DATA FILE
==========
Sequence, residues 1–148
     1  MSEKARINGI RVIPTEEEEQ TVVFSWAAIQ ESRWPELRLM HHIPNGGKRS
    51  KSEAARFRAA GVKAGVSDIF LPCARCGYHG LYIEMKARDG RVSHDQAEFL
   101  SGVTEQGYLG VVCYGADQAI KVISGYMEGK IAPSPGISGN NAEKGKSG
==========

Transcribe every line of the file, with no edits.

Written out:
Sequence, residues 1–148
     1  MSEKARINGI RVIPTEEEEQ TVVFSWAAIQ ESRWPELRLM HHIPNGGKRS
    51  KSEAARFRAA GVKAGVSDIF LPCARCGYHG LYIEMKARDG RVSHDQAEFL
   101  SGVTEQGYLG VVCYGADQAI KVISGYMEGK IAPSPGISGN NAEKGKSG